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December 13, 2017
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The Bird&Seduction collar. Source: camillecortet.com.

Animals have a miraculous way of adapting to their environments. By shedding their fur, refining their skins and stripping their feathers, animals seduce prey, flaunt their "goods" and blend into their surroundings.

The incredible ability, that some birds have, to visually transform their body with volume and colours is my starting point...I translated this act of visual seduction in a series of garments...

While these transformations are quite obvious to human beings, we seldom observe the commonalities between the animal kingdom and ourselves. When adapting to our environment, we too shed or add layers depending on the local climate or the impression we wish to make on others. However, our own skin is not so malleable. Human beings learn early on - usually, after our first major sunburn - to take great care of our skin. We prefer to use a second skin as a means of altering our aesthetic appearance.  

Camille Cortet graduated from the Design Academy Eindhoven in 2009 and has been unconventional and provoking in her designs ever since - already gaining international attention. Cortet uses animal adaptations as a stimulus for creation. But, rather than isolating the differences, Cortet focuses on the parallels between the behavior and natural cycles of humans and animals. 

Cortet's innovative style is best depicted in her most recent work, the Transformations project. What began as a book of discovery into the transformative adaptations of animals, developed into a process of creation and design, which the designer made applicable to human culture.

Cortet's research was based on three primary categories: growth, seduction and disguises, through which, "We discover visual and sensorial changes," according to Cortet. Rather than emphasising the animal realm as the core theme of the designs, she prefers to delve further into an analysis of animal culture. In other words: this is not another leopard-print, faux-fur campaign.

The Transformations project includes a series of body-ornaments; a collection of adornments that attempt to synch animal behaviour to our own culture, creating leeway for new body gestures and new modes of body language to develop. By embracing the adornments, Cortet claims, "We translate the animal's beauty and finally merge with its behaviour, almost to the point of embodying it."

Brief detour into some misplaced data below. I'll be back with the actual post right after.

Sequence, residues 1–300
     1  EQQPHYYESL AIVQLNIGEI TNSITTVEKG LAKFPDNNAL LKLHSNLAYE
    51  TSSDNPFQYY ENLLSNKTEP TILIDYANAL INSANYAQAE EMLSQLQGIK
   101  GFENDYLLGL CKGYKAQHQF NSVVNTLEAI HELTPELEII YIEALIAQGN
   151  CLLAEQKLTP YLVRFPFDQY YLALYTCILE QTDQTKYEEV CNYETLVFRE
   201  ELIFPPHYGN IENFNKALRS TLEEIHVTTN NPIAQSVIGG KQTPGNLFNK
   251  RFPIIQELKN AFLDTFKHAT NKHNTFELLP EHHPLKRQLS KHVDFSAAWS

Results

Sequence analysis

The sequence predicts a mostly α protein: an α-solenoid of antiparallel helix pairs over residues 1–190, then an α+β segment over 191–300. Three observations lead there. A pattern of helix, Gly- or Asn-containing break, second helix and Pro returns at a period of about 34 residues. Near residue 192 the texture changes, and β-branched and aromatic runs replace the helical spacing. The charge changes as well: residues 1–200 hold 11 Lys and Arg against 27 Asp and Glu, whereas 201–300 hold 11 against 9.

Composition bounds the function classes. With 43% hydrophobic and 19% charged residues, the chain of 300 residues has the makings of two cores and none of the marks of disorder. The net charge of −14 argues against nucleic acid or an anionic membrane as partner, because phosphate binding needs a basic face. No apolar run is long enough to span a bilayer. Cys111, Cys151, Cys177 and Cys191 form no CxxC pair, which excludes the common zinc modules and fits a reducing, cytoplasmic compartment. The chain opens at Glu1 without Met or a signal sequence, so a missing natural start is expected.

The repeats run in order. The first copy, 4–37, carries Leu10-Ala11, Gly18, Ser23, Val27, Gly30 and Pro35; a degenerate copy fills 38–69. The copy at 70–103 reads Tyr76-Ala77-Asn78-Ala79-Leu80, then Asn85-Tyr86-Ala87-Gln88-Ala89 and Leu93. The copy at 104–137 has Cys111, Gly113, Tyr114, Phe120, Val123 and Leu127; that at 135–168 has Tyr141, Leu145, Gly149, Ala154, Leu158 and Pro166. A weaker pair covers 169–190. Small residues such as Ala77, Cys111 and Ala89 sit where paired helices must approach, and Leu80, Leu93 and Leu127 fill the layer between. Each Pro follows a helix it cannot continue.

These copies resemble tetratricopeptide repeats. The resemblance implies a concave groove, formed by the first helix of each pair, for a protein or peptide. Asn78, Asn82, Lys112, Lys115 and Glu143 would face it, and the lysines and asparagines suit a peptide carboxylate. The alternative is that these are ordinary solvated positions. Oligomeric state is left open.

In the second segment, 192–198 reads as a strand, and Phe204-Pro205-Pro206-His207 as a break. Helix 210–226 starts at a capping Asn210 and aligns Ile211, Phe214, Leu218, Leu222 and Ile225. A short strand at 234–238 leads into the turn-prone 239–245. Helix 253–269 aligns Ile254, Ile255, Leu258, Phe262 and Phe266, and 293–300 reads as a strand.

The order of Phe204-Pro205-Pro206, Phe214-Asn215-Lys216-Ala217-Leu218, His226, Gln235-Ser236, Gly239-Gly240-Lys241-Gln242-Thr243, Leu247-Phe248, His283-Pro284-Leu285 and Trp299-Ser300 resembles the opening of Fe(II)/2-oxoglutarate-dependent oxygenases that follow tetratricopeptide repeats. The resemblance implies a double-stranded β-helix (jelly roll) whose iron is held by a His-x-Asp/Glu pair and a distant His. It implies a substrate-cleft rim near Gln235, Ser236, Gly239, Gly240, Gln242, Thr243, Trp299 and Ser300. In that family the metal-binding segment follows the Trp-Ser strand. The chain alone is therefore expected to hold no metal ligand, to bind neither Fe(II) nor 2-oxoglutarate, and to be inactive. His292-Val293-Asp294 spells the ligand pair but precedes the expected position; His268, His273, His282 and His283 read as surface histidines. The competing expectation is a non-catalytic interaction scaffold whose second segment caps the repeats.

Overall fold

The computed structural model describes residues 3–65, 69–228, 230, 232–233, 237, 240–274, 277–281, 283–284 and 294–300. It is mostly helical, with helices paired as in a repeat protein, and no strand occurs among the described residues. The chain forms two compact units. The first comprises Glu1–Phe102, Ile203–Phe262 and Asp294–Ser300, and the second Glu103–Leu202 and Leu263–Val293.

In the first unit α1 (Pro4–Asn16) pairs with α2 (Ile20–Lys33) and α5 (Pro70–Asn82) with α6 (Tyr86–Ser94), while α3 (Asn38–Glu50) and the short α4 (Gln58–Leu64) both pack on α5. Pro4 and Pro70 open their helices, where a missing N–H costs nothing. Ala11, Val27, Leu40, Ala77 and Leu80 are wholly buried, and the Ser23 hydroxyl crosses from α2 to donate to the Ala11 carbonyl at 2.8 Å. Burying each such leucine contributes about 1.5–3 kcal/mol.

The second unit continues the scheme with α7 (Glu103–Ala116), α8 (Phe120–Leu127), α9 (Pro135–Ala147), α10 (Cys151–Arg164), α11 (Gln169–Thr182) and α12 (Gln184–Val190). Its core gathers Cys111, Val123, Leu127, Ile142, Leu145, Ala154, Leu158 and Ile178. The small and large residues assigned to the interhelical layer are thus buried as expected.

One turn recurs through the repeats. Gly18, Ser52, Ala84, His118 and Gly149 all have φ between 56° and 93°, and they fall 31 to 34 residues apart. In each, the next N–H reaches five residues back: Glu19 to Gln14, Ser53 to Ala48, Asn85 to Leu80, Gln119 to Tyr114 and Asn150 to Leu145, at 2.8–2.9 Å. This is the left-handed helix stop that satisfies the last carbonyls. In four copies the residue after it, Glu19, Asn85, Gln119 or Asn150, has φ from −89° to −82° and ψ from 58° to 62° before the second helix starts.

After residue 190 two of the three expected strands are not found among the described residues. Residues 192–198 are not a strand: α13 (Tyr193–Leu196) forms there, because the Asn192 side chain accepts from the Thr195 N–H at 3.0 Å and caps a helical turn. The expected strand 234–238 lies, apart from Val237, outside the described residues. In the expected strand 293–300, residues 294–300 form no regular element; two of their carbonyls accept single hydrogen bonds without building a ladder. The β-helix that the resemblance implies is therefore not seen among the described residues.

The Snake&Molt tights.
Photograph by Vincent Van Gurp.

Bird&Seduction is a wearable accessories collection featuring collars made of textile and coated paper. According to Cortet, "The incredible ability, that some birds have, to visually transform their body with volume and colours is my starting point...I translated this act of visual seduction in a series of garments...These garments are shirts made with different layers of textile and paper...The structures are suddenly showing colours and becoming voluminous just for a moment, a moment to impress."

Most remarkable perhaps, is how bold, yet delicate, the collar appears to be. They closely resemble the impression made by an exotic bird, leaving the viewer mesmerised. Although the collection initially appears slightly eerie when worn, it does score a point for innovation.

The Snake&Molting legwear collection is inspired by molt; the process animals go through (in exhaustive stages) to shed aged layers. Although humans experience the same cycle, it goes unnoticed. The tights embody the role of second skin to their wearer; created out of laser cut polyester, they are textured and manipulated by the shape of the body - responding to the wearer's movements.

However, the textile evolves through wear-and-tear. Once the tights reach the end of their "life-span," they break apart into mere fragments (much like the skin of a reptile). Extravagant, yet elegant, the tights are only strong enough to be worn only several times, so you might want to stick to your cotton-blend until Cortet develops a line in leather.

While Cortet's designs are not particularly functional, they are impressive. Through the lenses of art and design, they experiment with new technologies and innovative processes, all in aid of bridging the divide between animals and humans.

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